Michael Meyer: The picnic that brought down the Berlin WallRoundup: Talking About History
Twenty years ago, on Sept. 11, 1989, the plug was pulled on the bathtub of Soviet empire.
At the stroke of midnight, tiny communist Hungary threw open the gates to freedom and the West. Tens of thousands of people surged across the suddenly unguarded border. Scenes of jubilation, of families reunited after decades of captivity in Eastern Europe, flashed around the world. Newsweek's cover dubbed it the "Great Escape." From one day to the next, Americans awoke to a startling new reality. Suddenly, it was possible to imagine the unimaginable: the fall of the Iron Curtain and an end to the Cold War.
The coming months will see a crescendo of 20th anniversary commemorations of communism's final days, culminating on Nov. 9, the night the Berlin Wall came down. For many, Americans especially, the fall of the wall was a glorious moment, emblematic of the West's victory in the Cold War. "We won!"
Yet if you watched the East Bloc's disintegration from the ground, as I did over that fateful year, you saw it as more ambiguous. The founding fiction of our Cold War "triumph" -- that it validated decades of containment and militarist confrontation -- gives way to a more nuanced appreciation of the other forces that were at work. Among them: the actions of others, often unnoticed by the rest of the world. The Great Escape made history. But the real story, largely untold, is how it came to pass.
Every great event has its hidden turning points. Victory in World War II, some say, hinged on Operation Fortitude, Britain's legendary gambit to fool Hitler into thinking the Allied invasion of 1944 would come near Calais rather than the beaches of Normandy. Similarly, the collapse of the Berlin Wall and the end of the Cold War had their roots, in part, in a bold gamble that unfolded, all but invisibly, one fine summer day in 1989 on the Austrian-Hungarian frontier.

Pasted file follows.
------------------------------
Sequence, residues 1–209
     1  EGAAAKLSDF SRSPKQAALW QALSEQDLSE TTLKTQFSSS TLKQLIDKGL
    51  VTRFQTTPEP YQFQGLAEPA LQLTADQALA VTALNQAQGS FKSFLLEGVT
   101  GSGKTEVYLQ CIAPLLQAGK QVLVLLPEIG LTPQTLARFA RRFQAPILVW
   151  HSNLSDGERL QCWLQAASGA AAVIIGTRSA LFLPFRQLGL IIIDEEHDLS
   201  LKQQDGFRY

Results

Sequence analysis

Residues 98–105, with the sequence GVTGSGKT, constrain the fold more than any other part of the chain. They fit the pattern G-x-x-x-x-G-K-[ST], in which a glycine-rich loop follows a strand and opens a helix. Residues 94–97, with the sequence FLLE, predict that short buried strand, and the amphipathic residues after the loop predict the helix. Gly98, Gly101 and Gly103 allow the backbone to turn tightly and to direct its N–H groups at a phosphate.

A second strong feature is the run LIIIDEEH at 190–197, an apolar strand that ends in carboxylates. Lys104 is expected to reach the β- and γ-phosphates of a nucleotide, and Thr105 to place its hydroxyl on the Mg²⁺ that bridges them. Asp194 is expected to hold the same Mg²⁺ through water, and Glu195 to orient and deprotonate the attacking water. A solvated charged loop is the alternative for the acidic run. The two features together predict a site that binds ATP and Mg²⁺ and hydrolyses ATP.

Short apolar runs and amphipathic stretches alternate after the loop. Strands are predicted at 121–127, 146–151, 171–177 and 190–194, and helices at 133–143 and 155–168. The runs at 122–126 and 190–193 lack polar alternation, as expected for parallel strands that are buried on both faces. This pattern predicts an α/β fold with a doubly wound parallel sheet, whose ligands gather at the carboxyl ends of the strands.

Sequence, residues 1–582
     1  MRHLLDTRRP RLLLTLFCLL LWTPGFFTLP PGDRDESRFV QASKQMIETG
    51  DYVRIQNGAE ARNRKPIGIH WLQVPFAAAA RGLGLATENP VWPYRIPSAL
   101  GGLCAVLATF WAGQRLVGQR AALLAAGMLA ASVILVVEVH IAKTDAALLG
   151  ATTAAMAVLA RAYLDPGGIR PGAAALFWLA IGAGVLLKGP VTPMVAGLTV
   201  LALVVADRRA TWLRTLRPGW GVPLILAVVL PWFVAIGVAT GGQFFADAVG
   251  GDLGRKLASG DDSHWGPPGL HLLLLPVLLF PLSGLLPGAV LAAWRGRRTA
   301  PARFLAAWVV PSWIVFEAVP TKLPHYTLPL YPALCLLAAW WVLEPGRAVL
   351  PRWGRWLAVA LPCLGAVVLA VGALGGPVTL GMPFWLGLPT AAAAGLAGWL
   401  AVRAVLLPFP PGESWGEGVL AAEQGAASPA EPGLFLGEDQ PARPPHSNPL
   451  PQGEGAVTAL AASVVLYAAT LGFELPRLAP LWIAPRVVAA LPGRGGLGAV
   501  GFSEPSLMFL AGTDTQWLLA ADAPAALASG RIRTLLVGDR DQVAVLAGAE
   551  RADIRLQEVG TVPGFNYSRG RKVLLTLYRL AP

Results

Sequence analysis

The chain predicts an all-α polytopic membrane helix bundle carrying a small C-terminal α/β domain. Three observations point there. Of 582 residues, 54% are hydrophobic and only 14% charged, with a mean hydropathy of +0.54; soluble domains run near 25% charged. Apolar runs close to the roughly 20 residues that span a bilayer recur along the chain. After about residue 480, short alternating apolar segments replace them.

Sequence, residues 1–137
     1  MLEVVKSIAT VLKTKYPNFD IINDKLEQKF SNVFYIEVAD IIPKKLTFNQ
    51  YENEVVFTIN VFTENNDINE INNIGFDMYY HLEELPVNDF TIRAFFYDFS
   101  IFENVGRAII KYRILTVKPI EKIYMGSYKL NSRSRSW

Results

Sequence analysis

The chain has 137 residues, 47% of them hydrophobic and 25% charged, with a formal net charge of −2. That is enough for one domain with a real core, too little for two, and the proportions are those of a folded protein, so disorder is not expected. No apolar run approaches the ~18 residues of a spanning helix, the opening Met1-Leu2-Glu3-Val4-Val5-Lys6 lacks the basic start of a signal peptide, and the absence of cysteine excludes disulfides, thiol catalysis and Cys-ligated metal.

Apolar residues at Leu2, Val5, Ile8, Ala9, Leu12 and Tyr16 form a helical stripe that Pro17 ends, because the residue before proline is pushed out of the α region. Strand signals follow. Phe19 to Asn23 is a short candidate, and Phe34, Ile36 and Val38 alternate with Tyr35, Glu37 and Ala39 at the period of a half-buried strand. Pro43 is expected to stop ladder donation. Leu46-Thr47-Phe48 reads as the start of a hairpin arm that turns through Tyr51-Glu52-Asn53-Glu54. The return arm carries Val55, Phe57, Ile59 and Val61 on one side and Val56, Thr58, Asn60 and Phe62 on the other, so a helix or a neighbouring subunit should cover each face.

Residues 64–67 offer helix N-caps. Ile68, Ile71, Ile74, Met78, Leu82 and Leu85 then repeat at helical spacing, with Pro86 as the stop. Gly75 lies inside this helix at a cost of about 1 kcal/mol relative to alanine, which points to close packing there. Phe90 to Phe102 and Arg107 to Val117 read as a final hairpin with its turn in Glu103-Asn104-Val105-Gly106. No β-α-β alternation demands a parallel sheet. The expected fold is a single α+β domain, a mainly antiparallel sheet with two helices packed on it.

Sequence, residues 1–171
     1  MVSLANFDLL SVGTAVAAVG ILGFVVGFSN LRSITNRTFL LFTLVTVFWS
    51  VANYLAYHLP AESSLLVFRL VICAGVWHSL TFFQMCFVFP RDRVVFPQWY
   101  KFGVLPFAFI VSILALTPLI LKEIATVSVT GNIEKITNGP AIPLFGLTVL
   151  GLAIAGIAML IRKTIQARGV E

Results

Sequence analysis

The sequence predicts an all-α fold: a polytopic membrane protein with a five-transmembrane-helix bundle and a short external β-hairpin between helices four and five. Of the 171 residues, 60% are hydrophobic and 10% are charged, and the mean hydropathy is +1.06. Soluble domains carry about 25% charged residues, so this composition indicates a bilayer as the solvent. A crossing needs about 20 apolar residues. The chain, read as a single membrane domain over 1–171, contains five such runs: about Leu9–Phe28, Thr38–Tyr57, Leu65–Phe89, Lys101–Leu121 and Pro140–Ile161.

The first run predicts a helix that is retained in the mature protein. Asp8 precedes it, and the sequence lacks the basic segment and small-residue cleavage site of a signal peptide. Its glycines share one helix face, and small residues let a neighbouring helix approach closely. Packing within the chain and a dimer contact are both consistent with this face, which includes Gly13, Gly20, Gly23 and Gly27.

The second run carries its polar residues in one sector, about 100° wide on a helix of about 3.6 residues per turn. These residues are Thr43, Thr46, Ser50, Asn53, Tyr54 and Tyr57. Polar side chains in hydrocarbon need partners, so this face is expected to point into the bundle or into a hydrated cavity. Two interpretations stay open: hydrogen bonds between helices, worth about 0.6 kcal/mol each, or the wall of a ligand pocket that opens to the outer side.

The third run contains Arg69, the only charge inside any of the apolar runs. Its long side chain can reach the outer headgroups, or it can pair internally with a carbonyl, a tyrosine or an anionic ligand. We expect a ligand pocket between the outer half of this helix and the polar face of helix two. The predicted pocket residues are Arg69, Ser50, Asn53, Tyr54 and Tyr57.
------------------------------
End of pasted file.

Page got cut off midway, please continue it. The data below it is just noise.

The date was Aug. 19. The place: Sopron, a sleepy provincial town in western Hungary. Even in such a backwater, the winds of change were blowing. In Moscow, Mikhail Gorbachev was at work, shaking up the old Soviet sphere. In Poland, the famous trade union known as Solidarity faced off against its communist masters.
Closer to home, in Hungary itself, a new generation of reform-minded communists had taken charge. Almost overnight, they wrote a U.S.-style constitution and began speaking openly of a free press, free markets and free elections. Emboldened, a small group of local Sopron activists decided to celebrate the new spirit. Their modest aim: put up some tents, hire a brass band and let the beer and good vibes flow. One of the organizers came up with an especially inspired idea -- to briefly open a gate through the barbed-wire frontier to Austria, allowing people to casually stroll back and forth across the border for the first time in four decades. They called it the Pan-European Picnic...
comments powered by Disqus
Arnold Shcherban - 9/17/2009
<Victory in World War II, some say, hinged on Operation Fortitude, Britain's legendary gambit to fool Hitler into thinking the Allied invasion of 1944 would come near Calais rather than the beaches of Normandy.>
I like that "some say" stipulation, giving the author an escape from the ethical responsibility for obvious ownership of the same self-serving opinion. The opinion (that actually has become an axiom in Western culture) based on denial of the Soviet Union's major contribution to victory over Nazi Germany that at the end of 1944 had become too visible and, therefore, predictable.
- Boston Refused to Close Schools During the 1918 Flu. Then Children Began to Die
- Trump Won’t Win by Doubling-Down on his Racist Appeals but the Right’s Open Bigotry Comes at a Cost
- What to Stream: A Blazing Interview with Orson Welles By Richard Brody
- Trump’s Attack on the Postal Service Is a Threat to Democracy—and to Rural America
- Kamala Harris and the Growing Political Power of Black Women